Renting a car & driving through Iceland was one of the best decisions we made on our trip. Driving is fairly easy if you use your head & are careful. They drive on the right hand side of the road, making things even easier for many drivers (sorry, Brits). Here are some of my best tips & everything you need to know about driving in Iceland.
Prepping for Your Trip
Our rental car was through Red Car Rental which is operated by Enterprise Car Rental in Iceland (our car was included in our Extreme Iceland self-drive package). The Enterprise associates we dealt with were extremely helpful & friendly – happy to help answer questions & made the process as seamless as possible. Some rental car companies have a desk right in the airport, while others require you to take a brief shuttle bus ride or walk across the parking lot (if you know where you’re going). It wasn’t entirely clear to us that we had to take a shuttle bus – we had been told someone would meet us with a sign – but the airport information desk was very helpful getting us on our way. While we almost froze our toes off waiting for the shuttle, the process was actually fairly painless.
We rented a 4×4 SUV because we didn’t want to be limited by a small car. In hindsight, I’m glad we had it (especially considering we basically lived out of the car), but it wasn’t really necessary & our car wasn’t approved to drive on F roads (interior roads) anyway.
Driving in Reykjavik
If you’re spending time in Reykjavik at the beginning or end of your trip, consider renting your car (or returning it) at the BSI bus station. Enterprise is happy to give you a ride to your hotel or elsewhere in the city after you drop off your car (I’m sure other companies do this as well). Parking in Reykjavik is hard to come by & expensive – in fact, most hotels don’t even have parking, you have to drive around & find a public garage. We actually got yelled at by a parking enforcement officer when we tried to stop with our flashers on in front of our hotel to unload our bags! If you do need to park in Reykjavik, the parking meters now take credit cards; but the instructions are all in Icelandic – shout out to the friendly passerby who helped me.
Driving Along the South Coast
Driving on the south coast ring road was surprisingly easy: the road is in good condition, but it is two lanes (one lane each direction) the majority of the trip. There are a number of one lane bridges, including some pretty long ones. Consider that you’re driving on a pretty popular stretch of road – these can be a bit unnerving, so take it slow.
Speaking of taking it slow, definitely watch your speed, especially when approaching a town. Most of the towns we drove through have speed cameras right at the spot where the speed limit decreases from 70 kph to 40 kph. We may have gotten two speeding tickets for going just a few miles over – that will be an unhappy piece of mail to receive in a few months!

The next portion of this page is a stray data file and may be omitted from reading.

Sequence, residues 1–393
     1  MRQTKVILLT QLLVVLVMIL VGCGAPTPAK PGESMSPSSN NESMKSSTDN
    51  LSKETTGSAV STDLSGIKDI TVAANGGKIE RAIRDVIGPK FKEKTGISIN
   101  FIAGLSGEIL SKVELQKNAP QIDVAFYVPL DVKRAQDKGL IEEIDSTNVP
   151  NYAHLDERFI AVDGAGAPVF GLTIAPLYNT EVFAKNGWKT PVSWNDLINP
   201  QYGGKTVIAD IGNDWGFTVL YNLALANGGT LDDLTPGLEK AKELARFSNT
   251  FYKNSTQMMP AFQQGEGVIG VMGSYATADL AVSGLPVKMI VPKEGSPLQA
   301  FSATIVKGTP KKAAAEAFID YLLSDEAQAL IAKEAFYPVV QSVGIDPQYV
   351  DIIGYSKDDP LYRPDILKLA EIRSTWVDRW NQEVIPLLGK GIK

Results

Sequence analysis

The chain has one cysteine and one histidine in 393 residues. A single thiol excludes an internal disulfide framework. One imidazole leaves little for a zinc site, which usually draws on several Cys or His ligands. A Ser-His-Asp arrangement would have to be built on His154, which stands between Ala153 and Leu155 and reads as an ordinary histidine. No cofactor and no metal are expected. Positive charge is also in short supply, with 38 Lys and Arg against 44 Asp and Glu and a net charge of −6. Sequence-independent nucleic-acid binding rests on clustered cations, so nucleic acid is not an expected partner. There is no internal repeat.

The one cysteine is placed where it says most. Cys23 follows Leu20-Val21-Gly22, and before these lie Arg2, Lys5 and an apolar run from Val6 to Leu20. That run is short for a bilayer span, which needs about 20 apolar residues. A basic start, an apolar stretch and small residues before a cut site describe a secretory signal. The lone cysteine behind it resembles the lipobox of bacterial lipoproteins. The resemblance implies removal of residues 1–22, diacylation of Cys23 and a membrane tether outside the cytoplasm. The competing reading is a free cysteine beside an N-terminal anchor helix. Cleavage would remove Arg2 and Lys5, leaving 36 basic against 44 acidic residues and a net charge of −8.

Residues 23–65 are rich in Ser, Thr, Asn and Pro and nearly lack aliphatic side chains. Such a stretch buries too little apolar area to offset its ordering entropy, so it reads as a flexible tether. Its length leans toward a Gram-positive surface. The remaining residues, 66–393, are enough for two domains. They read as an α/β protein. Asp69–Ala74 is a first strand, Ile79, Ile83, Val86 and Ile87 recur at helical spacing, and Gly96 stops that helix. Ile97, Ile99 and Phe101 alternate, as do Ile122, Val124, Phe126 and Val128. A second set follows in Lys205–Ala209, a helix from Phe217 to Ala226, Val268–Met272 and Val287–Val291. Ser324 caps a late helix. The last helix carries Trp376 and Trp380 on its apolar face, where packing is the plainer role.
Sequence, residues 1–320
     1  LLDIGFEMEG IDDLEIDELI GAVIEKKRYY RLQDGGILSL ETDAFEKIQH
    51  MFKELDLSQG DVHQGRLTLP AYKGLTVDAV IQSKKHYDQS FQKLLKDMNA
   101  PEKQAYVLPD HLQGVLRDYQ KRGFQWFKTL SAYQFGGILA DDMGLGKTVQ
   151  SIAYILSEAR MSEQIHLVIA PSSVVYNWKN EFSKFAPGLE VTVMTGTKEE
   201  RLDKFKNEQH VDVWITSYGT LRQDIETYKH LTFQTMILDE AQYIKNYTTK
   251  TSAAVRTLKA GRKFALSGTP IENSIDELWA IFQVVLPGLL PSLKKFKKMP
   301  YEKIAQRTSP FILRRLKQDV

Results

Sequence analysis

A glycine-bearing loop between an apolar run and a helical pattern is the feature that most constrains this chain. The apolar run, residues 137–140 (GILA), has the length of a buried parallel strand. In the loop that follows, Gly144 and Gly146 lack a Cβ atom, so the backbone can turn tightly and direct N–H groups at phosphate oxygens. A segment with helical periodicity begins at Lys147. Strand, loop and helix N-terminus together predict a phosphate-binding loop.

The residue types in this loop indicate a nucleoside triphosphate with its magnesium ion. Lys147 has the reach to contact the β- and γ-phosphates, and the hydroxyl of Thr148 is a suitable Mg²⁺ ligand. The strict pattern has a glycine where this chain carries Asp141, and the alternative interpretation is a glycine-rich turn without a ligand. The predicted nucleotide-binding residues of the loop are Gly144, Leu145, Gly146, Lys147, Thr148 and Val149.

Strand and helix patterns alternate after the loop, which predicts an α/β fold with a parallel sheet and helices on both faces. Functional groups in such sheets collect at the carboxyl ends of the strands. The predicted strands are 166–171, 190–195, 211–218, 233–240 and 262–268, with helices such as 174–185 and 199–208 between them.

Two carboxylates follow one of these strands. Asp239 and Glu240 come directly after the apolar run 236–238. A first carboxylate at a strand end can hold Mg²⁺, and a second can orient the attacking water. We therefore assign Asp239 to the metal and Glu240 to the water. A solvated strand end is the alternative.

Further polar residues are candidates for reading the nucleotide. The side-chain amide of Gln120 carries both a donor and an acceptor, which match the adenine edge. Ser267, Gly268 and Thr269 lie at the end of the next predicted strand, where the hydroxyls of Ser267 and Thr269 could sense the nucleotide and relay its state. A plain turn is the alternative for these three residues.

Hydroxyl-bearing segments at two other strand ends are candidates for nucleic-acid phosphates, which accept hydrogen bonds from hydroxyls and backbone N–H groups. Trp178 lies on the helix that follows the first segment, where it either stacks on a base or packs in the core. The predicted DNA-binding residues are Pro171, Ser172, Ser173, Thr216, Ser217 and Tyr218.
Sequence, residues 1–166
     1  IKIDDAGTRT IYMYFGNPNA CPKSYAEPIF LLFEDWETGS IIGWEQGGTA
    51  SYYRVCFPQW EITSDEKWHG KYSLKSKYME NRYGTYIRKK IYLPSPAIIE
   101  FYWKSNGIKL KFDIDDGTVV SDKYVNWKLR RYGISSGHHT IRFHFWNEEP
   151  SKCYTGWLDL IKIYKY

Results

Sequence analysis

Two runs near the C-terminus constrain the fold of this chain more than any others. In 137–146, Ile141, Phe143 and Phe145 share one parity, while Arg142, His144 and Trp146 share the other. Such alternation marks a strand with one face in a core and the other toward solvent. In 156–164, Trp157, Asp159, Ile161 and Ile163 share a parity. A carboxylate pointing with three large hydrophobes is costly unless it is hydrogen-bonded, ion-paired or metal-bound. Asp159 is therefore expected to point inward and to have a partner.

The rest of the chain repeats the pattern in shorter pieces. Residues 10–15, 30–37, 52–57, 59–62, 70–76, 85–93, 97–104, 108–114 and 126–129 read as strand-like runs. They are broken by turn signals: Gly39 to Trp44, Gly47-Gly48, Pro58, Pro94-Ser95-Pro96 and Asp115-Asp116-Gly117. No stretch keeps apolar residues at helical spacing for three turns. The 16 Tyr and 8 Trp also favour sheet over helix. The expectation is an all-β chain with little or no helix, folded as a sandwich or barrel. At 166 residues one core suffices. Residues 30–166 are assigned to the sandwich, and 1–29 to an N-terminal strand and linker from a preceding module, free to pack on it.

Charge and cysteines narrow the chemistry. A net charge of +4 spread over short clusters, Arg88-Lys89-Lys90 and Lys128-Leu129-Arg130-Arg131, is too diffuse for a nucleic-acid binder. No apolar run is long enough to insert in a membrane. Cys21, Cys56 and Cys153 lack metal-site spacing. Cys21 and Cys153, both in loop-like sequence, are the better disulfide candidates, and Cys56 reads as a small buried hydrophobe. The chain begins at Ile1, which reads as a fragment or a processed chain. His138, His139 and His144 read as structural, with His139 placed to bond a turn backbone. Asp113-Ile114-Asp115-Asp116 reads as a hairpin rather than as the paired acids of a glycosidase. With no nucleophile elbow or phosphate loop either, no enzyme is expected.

While the ring road along the south coast is paved & in good shape, some of the side roads off it are gravel (this is where having a good map, that has gravel roads marked, is helpful). We found the gravel roads to be totally do-able, especially in a small SUV, but just take it slow.
Top 10 Iceland Driving Tips
1. Have a plan. Some things you’ll want to see are obvious on the ring road & Golden Circle, but many things will require you to know which random street to turn down.
2. Bring snacks & water for the road. We enjoyed picking up Icelandic snacks from the N1 gas stations around the country (they have an affinity for licorice…), along with bottled water. While the tap water is drinkable, as is much of the natural source water, we preferred the taste of bottled.
3. If you like music while driving you might also want to make some iPod play lists because the radio is, well… lacking! Around most of the country you’ll hear the two national broadcast stations, which do a lot of talking in Icelandic & play about five songs an hour.
4. Keep an eye on the gas gauge: we tried not to let it go below half a tank because we sometimes went 40 or 50km without seeing a fuel station. We also met a number of people on our tours panicking that they were nearly on E & there were no stations in sight.
5. Many gas stations require you to have a chip & pin card. While most Americans now have a chip card, most of us don’t have a pin, but a signature instead. If that’s the only type of card you have, make sure you visit a gas station during regular hours & you can pay inside. If you’re forced to use the machine outside (this is different than the U.S. pay-at-the-pump system), try the pin you set with your credit card company to allow you to use your card at an ATM. Mine worked on my Capital One card!
6. Watch if your car takes unleaded or diesel – they’re both widely available & the cars we saw seemed to be split 50-50 (we had a diesel).
7. The Icelandic language is… challenging. When driving, it’s best to make a deal with your copilot who is manning the directions on what you’re going to call places. We made up English names for some places, or I would only give the first four letters of the street sign we were looking for.
8. Despite the fact that you can’t read or pronounce of them, the signage around Iceland is fantastic. Even the smallest side road is clearly marked with a large yellow sign. When pulling back off the road, there will be signs pointing toward Reykjavik & the next largest town.
9. Watch for sheep! They roam everywhere & we had to stop hard once to avoid them.
10. Don’t pull over on the side of the ring road onto the shoulder! It’s not safe. It hurts other driver’s sight lines. There often isn’t enough room to pass. There are many short driveways & pulls offs that allow you to pull off safely.
PS This cheeky video from the Icelandic Transport Authority is actually really helpful in providing driving tips.